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On Earth Day we're reminded how precious our planet is and what will happen without meaningful change.

You probably don't spend much time thinking about your computer's screensaver. But what if something so simple could help make a difference for endangered wildlife around the globe?

Graduate student Lauren Race and three creative partners (Carl Jannerfeldt, Beth Kushner, and Nancy Black) retouched some of the most common screensaver images to reflect what they might more accurately look like due to the effects of climate change.


"There had been a discussion about how the current Mac screensaver images almost looked too perfect, too pristine," Race says. "They were beginning to feel obsolete due to climate change."

Images via Earthsaver.

The updated images are a harrowing reminder of what's happening to the planet and everyone who occupies it.

The ensuing project became Earthsaver, which uses the images to raise awareness and funds for the World Wildlife Fund. Those who download the images for their computer are taken to a direct donation page, where they can support the WWF, which is currently raising funds aimed at adding 3,000 new members to its roster of supporters before April 22.

Race and her partners worked with 17 creative retouchers to update each image in a way that accurately reflects how the artist sees the original composition being affected by climate change. Images in the Earthsaver collection include:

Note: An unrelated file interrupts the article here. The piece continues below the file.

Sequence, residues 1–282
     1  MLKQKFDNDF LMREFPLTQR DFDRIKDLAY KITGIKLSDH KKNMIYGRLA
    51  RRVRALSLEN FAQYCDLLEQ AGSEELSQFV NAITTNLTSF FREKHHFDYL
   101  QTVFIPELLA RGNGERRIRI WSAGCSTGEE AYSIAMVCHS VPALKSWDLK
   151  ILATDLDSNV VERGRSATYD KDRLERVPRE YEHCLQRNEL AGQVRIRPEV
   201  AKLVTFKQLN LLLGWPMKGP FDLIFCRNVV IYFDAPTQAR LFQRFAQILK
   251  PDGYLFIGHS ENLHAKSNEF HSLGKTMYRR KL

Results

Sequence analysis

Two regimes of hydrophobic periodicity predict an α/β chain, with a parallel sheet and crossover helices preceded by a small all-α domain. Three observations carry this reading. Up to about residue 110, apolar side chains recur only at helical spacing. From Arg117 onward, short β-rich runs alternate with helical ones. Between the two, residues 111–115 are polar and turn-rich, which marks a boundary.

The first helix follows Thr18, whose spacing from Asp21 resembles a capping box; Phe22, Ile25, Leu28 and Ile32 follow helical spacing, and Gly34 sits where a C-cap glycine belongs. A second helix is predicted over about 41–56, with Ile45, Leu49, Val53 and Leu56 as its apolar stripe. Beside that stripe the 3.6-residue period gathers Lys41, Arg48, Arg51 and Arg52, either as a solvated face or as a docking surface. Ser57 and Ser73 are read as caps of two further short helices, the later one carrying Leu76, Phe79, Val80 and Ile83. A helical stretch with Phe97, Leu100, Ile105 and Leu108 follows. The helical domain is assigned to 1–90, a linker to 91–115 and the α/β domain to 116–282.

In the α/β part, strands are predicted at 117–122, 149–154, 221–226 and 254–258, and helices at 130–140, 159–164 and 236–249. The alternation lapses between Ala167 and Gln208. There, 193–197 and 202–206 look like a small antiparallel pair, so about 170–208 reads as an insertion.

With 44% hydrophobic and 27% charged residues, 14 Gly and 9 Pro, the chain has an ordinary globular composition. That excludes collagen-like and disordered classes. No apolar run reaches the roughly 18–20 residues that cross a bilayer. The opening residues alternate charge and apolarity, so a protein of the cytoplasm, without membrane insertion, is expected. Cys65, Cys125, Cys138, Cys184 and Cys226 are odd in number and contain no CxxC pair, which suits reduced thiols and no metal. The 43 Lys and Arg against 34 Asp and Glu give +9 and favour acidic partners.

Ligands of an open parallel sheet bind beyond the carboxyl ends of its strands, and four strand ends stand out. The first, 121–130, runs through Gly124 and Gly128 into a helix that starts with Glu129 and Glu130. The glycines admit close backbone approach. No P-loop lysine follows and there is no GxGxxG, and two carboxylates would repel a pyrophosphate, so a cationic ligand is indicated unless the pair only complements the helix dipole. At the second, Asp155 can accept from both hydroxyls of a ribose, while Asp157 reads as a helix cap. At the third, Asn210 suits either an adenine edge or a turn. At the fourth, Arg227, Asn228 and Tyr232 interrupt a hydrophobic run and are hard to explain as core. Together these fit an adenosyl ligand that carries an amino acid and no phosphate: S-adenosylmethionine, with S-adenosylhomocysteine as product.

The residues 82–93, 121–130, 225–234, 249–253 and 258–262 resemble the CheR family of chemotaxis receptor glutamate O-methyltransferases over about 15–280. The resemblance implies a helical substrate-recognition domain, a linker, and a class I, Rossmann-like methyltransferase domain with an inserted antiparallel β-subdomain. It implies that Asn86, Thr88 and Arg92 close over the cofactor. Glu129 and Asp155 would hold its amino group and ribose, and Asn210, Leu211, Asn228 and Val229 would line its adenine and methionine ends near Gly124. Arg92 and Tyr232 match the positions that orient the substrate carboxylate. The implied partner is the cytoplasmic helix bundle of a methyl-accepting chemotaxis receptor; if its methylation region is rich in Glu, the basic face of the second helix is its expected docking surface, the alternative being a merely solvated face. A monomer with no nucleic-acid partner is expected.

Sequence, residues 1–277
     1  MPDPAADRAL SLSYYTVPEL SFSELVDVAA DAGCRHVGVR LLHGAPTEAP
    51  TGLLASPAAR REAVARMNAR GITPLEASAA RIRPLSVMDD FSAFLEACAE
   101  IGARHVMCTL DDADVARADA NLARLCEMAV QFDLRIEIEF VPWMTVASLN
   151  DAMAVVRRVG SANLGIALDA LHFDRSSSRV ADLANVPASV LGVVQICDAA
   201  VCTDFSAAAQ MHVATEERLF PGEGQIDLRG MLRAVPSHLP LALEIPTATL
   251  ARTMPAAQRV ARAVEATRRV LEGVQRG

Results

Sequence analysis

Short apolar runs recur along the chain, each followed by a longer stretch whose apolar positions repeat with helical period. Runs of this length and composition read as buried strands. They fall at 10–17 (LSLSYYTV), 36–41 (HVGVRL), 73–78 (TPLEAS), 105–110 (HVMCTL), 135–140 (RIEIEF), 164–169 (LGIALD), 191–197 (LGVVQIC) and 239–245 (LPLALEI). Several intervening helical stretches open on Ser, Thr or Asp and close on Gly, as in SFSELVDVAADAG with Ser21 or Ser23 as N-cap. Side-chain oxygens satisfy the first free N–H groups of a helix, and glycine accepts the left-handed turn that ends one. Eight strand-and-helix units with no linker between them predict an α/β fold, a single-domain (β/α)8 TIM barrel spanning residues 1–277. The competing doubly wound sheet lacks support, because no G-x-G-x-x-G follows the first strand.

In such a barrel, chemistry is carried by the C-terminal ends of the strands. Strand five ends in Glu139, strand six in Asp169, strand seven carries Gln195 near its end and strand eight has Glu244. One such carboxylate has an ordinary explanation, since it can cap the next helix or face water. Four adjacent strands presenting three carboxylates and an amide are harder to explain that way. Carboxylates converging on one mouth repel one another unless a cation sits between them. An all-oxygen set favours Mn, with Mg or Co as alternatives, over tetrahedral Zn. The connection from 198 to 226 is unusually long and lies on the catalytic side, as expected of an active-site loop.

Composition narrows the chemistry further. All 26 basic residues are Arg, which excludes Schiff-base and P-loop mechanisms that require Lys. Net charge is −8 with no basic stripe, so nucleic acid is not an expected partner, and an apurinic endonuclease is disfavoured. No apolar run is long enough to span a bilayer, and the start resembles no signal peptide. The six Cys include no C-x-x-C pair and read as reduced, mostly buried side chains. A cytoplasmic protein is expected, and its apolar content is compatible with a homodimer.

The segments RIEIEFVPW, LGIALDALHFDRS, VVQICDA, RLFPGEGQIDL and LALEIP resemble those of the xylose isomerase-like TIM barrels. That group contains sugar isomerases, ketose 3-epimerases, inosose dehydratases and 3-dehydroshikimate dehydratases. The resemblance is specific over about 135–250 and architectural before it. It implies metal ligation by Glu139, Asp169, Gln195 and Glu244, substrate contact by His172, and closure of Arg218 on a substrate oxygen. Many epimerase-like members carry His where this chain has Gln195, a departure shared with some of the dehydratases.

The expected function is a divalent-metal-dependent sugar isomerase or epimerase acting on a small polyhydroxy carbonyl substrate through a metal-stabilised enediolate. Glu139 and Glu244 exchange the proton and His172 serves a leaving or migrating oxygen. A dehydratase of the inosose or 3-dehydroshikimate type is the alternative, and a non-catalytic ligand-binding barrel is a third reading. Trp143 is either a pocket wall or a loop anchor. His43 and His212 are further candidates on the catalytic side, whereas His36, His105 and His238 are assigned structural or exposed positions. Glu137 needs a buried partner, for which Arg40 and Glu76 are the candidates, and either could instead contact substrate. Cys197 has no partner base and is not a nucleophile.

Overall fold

A whale and other fish dwarfed by a looming set of plastic drink rings:

A polar bear is replaced with a plastic bag:

Tourists visit the last of the dwindling ice caps:

A mother lion and her cub begin to starve from lack of available food:

Nonetheless, even stark messages can carry a ray of hope.

It can be difficult to look at these images, even knowing they are photo illustrations. However, the impact they show is a real possibility, and may soon become reality if more isn't done to stop the increasing effects of global climate change.

These images are also an opportunity for hope.

Organizations like the WWF are working every day to change the narrative of our wildlife and environment. And we can help that change — even by something as simple as updating the backdrop images on our computers.

"We know that downloading a screensaver that displays extremely depressing nature images drifting across your computer screens every day is a tall order," Race says. "For us, getting a conversation started and donating to the WWF is more important than downloads."

You can view and download all 17 of the Earthsaverimages here and donate directly to the WWF here.

All images provided by Bombas

We can all be part of the giving movement

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We all know that small acts of kindness can turn into something big, but does that apply to something as small as a pair of socks?

Yes, it turns out. More than you might think.

A fresh pair of socks is a simple comfort easily taken for granted for most, but for individuals experiencing homelessness—they are a rare commodity. Currently, more than 500,000 people in the U.S. are experiencing homelessness on any given night. Being unstably housed—whether that’s couch surfing, living on the streets, or somewhere in between—often means rarely taking your shoes off, walking for most if not all of the day, and having little access to laundry facilities. And since shelters are not able to provide pre-worn socks due to hygienic reasons, that very basic need is still not met, even if some help is provided. That’s why socks are the #1 most requested clothing item in shelters.